San Francisco supervisor pushes legislation to give retail workers more predictable schedules
A San Francisco supervisor wants chain retail stores to give more predictable work schedules to their hourly employees, many of whom are struggling to juggle multiple jobs and family responsibilities.
Supervisor David Chiu on Tuesday is expected to introduce legislation that would require managers at "formula retail stores" to post work schedules 14 days in advance and give workers extra pay for last-minute shift changes or cancellations, according to the San Francisco Chronicle (http://bit.ly/1xx6iJV ).
The proposal also would require employers to pay a set amount for unused on-call shifts and give part-time workers the same access to time-off requests and particular work schedules as full-time workers.
The legislation would be the first of its kind in the nation, according to the California Work & Family Coalition, one of the worker advocacy groups that helped craft the proposal.
The legislation is aimed at helping workers who are struggling with erratic schedules and unpredictable income as more employers use new technology to set schedules based on sales patterns.
Many low-wage workers work two or three part-time jobs and often have to give one up because of last-minute schedule changes at another, Chiu said.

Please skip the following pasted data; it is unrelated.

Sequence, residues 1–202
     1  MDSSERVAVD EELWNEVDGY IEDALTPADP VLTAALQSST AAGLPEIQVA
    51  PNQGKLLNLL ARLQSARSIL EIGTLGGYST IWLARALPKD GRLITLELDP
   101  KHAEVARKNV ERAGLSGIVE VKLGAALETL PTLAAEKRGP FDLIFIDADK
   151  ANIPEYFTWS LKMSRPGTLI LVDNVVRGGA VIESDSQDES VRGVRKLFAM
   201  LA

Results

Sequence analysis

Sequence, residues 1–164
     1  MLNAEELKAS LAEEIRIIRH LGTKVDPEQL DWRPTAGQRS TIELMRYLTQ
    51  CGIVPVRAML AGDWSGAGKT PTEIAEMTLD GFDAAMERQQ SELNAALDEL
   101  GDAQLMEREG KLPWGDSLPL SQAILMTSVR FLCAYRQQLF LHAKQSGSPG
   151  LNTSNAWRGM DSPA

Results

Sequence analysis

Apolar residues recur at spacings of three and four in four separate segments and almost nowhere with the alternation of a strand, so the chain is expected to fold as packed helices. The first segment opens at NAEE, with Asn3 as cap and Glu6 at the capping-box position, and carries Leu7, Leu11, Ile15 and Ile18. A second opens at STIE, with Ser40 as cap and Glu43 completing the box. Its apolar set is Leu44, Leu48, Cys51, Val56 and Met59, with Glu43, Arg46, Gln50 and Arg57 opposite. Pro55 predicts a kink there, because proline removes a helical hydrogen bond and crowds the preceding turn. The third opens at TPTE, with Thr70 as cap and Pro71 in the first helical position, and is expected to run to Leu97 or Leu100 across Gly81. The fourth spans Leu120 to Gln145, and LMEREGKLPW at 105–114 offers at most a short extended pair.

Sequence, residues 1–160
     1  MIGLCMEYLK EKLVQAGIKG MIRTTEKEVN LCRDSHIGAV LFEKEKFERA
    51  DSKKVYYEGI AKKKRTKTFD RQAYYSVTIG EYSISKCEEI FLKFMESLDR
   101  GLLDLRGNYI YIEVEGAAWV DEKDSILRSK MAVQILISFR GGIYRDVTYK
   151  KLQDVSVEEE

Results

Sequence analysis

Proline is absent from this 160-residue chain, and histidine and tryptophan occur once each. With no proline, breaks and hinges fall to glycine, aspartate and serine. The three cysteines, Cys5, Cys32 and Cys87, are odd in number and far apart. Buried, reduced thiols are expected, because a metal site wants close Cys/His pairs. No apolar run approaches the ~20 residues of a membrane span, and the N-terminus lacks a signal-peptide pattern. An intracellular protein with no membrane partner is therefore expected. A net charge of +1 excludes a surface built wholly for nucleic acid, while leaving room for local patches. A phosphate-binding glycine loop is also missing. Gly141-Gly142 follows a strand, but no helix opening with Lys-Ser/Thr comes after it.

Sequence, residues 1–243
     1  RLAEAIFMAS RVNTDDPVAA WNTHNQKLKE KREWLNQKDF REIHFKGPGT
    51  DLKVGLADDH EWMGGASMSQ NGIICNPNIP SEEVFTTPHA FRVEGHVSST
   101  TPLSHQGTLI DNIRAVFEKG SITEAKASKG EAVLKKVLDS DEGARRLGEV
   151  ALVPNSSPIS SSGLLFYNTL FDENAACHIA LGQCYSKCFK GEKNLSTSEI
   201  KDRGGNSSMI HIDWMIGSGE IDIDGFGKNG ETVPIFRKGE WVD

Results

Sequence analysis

The legislation would apply to all formula retail stores that employ 20 or more workers. About 35,000 workers, about 5 percent of the city's workforce, would be affected.
Last year, Chiu, who is running for the California Assembly, successfully pushed for city legislation that requires employers to consider requests for flexible work schedules from employees who care for children, parents or other family members.
Supervisor Eric Mar has a separate piece of legislation, known as the Retail Workers Bills of Rights, aimed at helping part-time workers. Formula retail stores would be required to offer additional hours to part-time employees before hiring new workers, not discriminate against part-timers in pay and promotion, and pay employees for four hours if they're on call or if a shift is canceled with less than 24 hours' notice.
Information from: San Francisco Chronicle, http://www.sfgate.com